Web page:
Opportunities and Resources
- Funding for Research on Diseases Caused by Eukaryotic Pathogens
- NIH Program Could Be a Big Deal for Small Business Awardees
In The News
- Timeline for NIH Transition to New Application Forms
- Take Note of New Training Tables, New System to Compile Them
- Comment on Proposed Changes to Human Subjects Protections
- News Briefs
- Be On Time With Closeout Reports
- Reader Questions
New Funding Opportunities
Make sure you're comfortable with the ins and outs of NIH's Genomic Data Sharing (GDS) policy, which went into effect on January 25, 2015. NIH announced the final GDS policy in an August 27, 2014 Guide notice.
The policy applies to all NIH-funded grants or contracts at any funding level if they generate large-scale human or nonhuman genomic data.
"Large-scale" is a key qualifier; not every project that generates genomic data falls within the scope of the GDS policy. As examples, large-scale data include the following:
- Genome-wide association studies (GWAS)
- Single nucleotide polymorphism (SNP) arrays
- Genome sequence, transcriptomic, epigenomic, and gene expression data
For more examples of qualifying research, read the policy and see the supplemental information linked below.
What to Do
When you propose research that will generate large-scale genomic data, your application or proposal must include a plan to address genomic data sharing. See the links below for more on the plan.
If you were funded before the policy kicked in on January 25, 2015, NIH encourages you to comply with the GDS policy as follows:
- Provide an updated genomic data sharing plan in your next progress report.
- If your studies involve human participants, transition to informed consent for broad sharing and future research purposes. This would be particularly helpful for new or additional specimen collections.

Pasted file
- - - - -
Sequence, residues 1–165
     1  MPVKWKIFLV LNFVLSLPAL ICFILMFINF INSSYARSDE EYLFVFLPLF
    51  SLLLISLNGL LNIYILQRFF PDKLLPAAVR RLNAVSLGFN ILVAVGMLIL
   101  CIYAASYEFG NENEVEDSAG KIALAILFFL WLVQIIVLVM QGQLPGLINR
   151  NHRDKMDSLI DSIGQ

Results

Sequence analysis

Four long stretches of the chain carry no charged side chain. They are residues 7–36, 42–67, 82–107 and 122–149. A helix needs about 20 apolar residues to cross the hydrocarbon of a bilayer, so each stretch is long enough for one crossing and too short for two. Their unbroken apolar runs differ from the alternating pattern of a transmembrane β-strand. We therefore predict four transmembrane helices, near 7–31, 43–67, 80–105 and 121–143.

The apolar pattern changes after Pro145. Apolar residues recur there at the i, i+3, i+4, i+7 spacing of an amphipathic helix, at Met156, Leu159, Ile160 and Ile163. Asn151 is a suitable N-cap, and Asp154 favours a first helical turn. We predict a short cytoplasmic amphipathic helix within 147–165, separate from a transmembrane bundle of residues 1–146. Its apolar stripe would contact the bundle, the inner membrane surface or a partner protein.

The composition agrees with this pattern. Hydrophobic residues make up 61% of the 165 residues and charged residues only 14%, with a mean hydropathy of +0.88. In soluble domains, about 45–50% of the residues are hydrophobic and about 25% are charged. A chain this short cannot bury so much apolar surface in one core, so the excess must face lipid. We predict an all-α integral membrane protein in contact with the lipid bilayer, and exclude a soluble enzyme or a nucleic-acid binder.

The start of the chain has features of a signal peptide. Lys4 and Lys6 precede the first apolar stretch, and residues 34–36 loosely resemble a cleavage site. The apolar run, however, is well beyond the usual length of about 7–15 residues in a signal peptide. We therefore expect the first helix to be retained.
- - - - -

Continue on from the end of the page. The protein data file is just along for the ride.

The supplemental information also includes a few examples of research that wouldn’t fall under this policy, such as using genomic data as a control in assay development.
These highlights from NIH's Genomic Data Sharing website should get you started:
- Supplemental Information. Get examples of genomic research projects that are subject to the policy and the timeline for submitting and sharing data.
- Researchers. Learn how to register your studies once you're funded, access data, and more.
- Guidance for Investigators Developing Genomic Data Sharing Plans. Follow a list of elements in a standard genomic data sharing plan, then see example plans.
- Guidance for Institutions Submitting Applications and Contract Proposals Under the GDS Policy. Find details on investigator and institution responsibilities, including informed consent, data submission, and data access.
Do you have an idea or disease model that could lead to new or novel interventions against eukaryotic pathogens (e.g., parasites and fungi) for which current therapies are inadequate or becoming ineffectual due to resistance? Then consider a new funding opportunity announcement (FOA) for early-stage, preclinical investigations of promising therapeutic approaches for these diseases.
Applicants should propose innovative research. For example, you could use a synthetic disease model to identify and validate a novel therapeutic target or identify a novel therapeutic. Find a list of suggested approaches in the Research Objectives and Scope section of the October 21, 2015 Guide announcement.
The FOA also identifies approaches that are considered nonresponsive and will not be reviewed. For example, you cannot propose to develop antibacterial or antiviral agents, nor can you propose to develop vaccine or immunostimulatory agents. Be sure to review the full list before beginning your application.
Note that this FOA will not fund clinical trials and clinical trial planning activities. You may, however, discuss clinical development strategies in your application.